Since I speaks Chinese so I was able to order R2S/R4S/R6S at much lower price (e.g. R6S at 40% off when compared with Amazon) from their China selling channel directly (I don't live in greater China region, but they can ship me). I am looking forward to the R6C because I can get it with USD80, given the power consumption and the size I really like them (and I plan to use R2S + USB WiFi to form a travel router combination)

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The problem isn't the upgrade, is a bug in the nics initialization. sometimes at reboot the nics don't show up

see https://github.com/MichaIng/DietPi/issues/6342

so you need to unplug/plug the nanopi several times until the nanopi gets right the nics, you don't need to rewrite the sdcard the first upgrade is good, the problem belongs with the nics

Gabrielo

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Hi, I think this is a different unrelated topic. One is losing the partitioning after a sysupgrade and the other you linked is about sporadic ethernet device naming issue after reboots. The latter seems to be related to 5.15 kernel. I have not experienced it with 5.10 yet which is in the standard release.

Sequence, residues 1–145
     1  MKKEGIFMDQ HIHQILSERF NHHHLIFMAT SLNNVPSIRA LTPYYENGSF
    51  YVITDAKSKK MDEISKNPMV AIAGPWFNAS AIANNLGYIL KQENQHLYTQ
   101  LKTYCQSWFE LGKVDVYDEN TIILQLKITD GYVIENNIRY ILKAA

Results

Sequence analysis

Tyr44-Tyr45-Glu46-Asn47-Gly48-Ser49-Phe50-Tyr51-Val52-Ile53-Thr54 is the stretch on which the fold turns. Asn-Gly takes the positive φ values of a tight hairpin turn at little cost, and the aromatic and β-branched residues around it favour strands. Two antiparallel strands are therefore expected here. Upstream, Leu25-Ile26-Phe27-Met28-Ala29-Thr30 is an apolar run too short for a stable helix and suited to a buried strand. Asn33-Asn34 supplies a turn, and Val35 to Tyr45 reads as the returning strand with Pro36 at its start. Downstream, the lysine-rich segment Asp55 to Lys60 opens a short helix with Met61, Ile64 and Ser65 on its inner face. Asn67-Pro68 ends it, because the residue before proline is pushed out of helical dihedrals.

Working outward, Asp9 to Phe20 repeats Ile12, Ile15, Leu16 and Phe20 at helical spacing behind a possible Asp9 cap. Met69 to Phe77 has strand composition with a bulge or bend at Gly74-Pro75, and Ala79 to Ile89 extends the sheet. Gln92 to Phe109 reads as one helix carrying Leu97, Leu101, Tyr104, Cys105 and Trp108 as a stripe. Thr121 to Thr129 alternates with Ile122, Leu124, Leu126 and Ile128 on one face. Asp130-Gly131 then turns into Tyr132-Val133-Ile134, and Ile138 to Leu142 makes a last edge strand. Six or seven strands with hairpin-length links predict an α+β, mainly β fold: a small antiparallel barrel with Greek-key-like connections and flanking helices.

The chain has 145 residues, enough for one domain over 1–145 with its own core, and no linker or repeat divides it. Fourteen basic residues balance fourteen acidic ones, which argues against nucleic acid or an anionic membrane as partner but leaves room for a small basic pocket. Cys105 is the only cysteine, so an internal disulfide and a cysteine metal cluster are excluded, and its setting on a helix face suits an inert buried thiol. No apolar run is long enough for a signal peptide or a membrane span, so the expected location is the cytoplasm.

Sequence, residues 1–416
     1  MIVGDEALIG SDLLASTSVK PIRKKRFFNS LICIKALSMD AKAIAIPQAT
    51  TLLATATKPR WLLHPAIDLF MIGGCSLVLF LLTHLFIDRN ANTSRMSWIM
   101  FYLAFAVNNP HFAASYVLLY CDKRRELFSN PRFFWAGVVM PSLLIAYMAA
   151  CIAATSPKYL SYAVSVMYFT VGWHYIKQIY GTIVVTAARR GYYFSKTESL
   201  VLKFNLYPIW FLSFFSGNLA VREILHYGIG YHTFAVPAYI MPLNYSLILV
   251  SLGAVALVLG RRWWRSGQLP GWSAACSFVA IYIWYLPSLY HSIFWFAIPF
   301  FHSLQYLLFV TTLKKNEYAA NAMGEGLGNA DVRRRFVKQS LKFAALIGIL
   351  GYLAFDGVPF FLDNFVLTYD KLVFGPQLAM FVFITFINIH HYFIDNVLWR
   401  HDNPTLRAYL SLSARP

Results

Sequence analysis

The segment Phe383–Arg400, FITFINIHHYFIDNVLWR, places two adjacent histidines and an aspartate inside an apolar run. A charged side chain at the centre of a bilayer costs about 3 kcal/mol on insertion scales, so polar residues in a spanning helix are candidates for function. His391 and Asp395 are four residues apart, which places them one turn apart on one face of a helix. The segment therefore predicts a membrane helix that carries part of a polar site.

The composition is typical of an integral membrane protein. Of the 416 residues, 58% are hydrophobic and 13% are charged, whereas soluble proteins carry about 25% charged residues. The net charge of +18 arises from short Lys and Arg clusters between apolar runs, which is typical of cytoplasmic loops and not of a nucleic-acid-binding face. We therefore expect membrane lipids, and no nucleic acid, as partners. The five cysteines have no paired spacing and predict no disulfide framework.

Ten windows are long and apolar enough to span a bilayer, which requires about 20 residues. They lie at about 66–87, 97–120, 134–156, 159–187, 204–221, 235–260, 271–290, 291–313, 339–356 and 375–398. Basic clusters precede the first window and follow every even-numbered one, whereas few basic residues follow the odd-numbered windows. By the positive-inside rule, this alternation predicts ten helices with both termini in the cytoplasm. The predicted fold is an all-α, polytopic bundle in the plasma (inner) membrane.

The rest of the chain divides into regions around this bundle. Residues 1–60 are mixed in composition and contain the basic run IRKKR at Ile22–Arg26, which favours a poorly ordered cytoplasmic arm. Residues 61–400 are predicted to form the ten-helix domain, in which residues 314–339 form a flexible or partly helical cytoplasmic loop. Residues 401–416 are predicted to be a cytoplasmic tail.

Yes usually (I mean with some other releases) it was like you said: plug-in the power cable 1-2 times and the R4S started to work again but not after the 22.03.3.

I tried 2-4 times to do a power cycle but it didn’t worked.

The curious thing is that the router is up and running after the upgrade, I was able to ping it, but no GUI or SSH access. Then if you do a power cycle it stops responding also to a ping.

I suspect is something related to the custom size but I can’t debug it because the R4S looks like is bricked after the upgrade, until I flash the SD with a new/stock image.

yeah maybe is different issue, my experience is with building snapshots, one every week, but lately every month, from master with a 350Mb image, in that time the sysupgrade never failed, yes sometimes, if not always, I have to reboot the nanopi several times to get it to start in service after the sysupgrade, but never needed to take the sdcard out to rewrite it

so my nanopi run snapshots, not releases, so many variables are different to get a common cause